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Social Justice 101 Presentation
Transcript of Social Justice 101 Presentation
"Washing one's hands of the conflict between the powerful and the powerless means to side with the powerful, not to be neutral."
"Even if you never do anything about this, you've benefited from an unjust system. You're already the winner in a game that was rigged to your advantage from the start."
Personal stories stay here, but carry the conversations forward
Use "I" statements
Seek first to understand, then to be understood
Oops & Ouches
Multicultural Competence Defined
Jonathan Kozol, Educator
Paulo Freire, Brazilian Educator & Theorist
Power is the notion that members of dominant groups are able to assert control (indirectly or directly) over subordinated groups.
Ex: Men have historically set female standards of beauty
Ex: Glass ceilings, unequal pay, etc.
Privilege is the idea that there are unearned benefits associated with being a member of a dominant group.
Ex: Winter holiday season
Ex: Color of band-aids, makeup, etc.
Power & Privilege
Social Justice Defined
"We believe that social justice is both a process and a goal. The goal of social justice is full and equal participation of all groups in a society that is mutually shaped to meet their needs. Social justice includes a vision of society in which the distribution of resources is equitable and all members are physically and psychologically safe and secure. "
Adams, Bell & Griffin, 2007, p. 1
The Association of American Colleges and Universities (AAC&U) defines diversity as “individual differences (e.g., personality, learning styles, and life experiences) and group/social differences (e.g., race/ethnicity, class, gender, sexual orientation, country of origin, and ability as well as cultural, political, religious, or other affiliations) that can be engaged in the service of learning” (AAC&U, 2009).
Thank You !
What is White Privilege?
If you can reasonably assume that a general American history class will include the voices and experiences of your racial group...
If you can reasonably assume that someday you will be able to rent or purchase a home in an area in which you can afford and in which you would want to live...
If you know that no matter how far away your parking space is from where you’re going that you are physically able to handle the walk . . .
If you can walk down the street hand in hand with your partner without fear of being harassed or judged . . .
If people never have trouble pronouncing your name . . .
If you get time off of school or work for your religious holidays . . .
If you have never felt unsafe while walking alone at night...
If you have never been profiled as irresponsible because of your age . . .
Multicultural competence has largely focused on students gaining awareness, skills, and knowledge in working with people from underrepresented groups, and minority racial and ethnic populations in particular (Pope, Reynolds & Mueller, 2004). The emphasis has often been on learning about “the other” as opposed to self-learning and exploration.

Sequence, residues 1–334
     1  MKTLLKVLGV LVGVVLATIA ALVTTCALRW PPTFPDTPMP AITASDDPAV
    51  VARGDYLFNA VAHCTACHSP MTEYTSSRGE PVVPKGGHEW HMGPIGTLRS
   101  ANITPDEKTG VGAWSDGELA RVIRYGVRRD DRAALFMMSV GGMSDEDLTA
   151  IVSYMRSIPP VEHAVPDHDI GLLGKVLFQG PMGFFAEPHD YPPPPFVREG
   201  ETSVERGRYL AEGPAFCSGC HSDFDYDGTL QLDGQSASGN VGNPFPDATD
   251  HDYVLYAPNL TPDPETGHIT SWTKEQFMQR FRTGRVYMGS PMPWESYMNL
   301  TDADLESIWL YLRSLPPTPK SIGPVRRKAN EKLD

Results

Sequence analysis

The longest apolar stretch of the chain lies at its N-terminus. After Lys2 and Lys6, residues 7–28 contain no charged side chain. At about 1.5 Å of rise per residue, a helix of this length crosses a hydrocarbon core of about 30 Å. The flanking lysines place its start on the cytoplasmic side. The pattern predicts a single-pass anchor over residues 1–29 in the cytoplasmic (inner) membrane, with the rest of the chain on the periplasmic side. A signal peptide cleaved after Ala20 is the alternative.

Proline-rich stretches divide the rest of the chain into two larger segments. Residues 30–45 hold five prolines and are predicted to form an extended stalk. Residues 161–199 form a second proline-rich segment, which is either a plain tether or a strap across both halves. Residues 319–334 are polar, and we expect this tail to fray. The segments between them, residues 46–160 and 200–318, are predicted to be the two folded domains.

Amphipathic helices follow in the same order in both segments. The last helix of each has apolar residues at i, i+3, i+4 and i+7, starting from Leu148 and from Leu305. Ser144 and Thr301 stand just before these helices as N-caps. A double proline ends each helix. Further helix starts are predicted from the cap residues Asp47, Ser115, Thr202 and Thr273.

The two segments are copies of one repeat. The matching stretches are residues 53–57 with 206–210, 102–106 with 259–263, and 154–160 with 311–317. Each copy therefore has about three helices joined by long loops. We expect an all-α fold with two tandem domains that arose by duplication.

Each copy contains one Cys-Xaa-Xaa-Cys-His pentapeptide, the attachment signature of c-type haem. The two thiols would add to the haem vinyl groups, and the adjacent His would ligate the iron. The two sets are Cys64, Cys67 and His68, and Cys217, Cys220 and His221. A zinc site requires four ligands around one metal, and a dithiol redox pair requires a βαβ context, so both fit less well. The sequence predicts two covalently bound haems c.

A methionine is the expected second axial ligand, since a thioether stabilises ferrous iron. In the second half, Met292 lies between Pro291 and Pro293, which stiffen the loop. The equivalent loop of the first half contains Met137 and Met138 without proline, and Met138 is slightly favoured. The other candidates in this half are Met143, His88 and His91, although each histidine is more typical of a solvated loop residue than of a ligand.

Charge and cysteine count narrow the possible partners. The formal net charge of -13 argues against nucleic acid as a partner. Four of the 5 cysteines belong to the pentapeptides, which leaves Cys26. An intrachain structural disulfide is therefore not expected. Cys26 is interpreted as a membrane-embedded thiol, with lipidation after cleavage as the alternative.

- Being aware of one’s internal biases, prejudices, and “isms” (e.g., racism, heterosexism, classism, sexism).
- Being able to successfully navigate relationships and communicate within a specific culture. Example – being able to talk within 6-12 inches of personal space vs. the 18-36 inches common in the U.S.
- Specific pieces of information about a culture or a group’s historical timeline. Example - giving the “thumbs up” suggests approval in the U.S., but is a curse word in some parts of the Middle East.
The Big 8
"Wow, there are a lot of different types of people here... cool!"
"All this diversity is making me think a little deeper about who I am."
"Learning about myself has made me want to know a lot more about others."
"Developing multicultural competence has made me realize that I have some privileges in life... now what do I do?"
Social Justice Advocacy
"I understand that some groups of people are more privileged than others in our society, and I don't think that's quite right. I am finding ways to advocate on the behalf of the underprivileged."
The Path from Diversity to Social Justice
The Big 8 represent what is called "critical diversity" which is the “intersecting dimension of human differences that may serve as the basis for differential treatment of individuals, with the potential to diminish their access to opportunity, equality, social justice, and fulfillment of their dreams” (Ukpokodu, 2010, p. 28)
Association of American Colleges and Universities (2009). Making excellence inclusive. Retrieved from January 2 from http://www.aacu.org/inclusive_excellence/index.cfm.
Adams, M., Bell, L. A., & Griffin, P. (Eds.) (2007). Teaching for diversity and social justice (2nd ed.). New York: Routledge.
Freire, P. (1985). The politics of education: culture, power and liberation. Westport, CT: Bergin & Garvey
Kozol, J. (2005). The shame of the nation: The restoration of apartheid schooling in America. New York: Three Rivers.
Pope, R., Reynolds, A., & Mueller, J. (2004). Multicultural competence in student affairs. San Francisco: Jossey-Bass.
Ukpokodu, O.N. (2010). How a sustainable campus-wide diversity curriculum fosters academic success. Multicultural education, 17, no. 2 (Winter 2010): 27-36.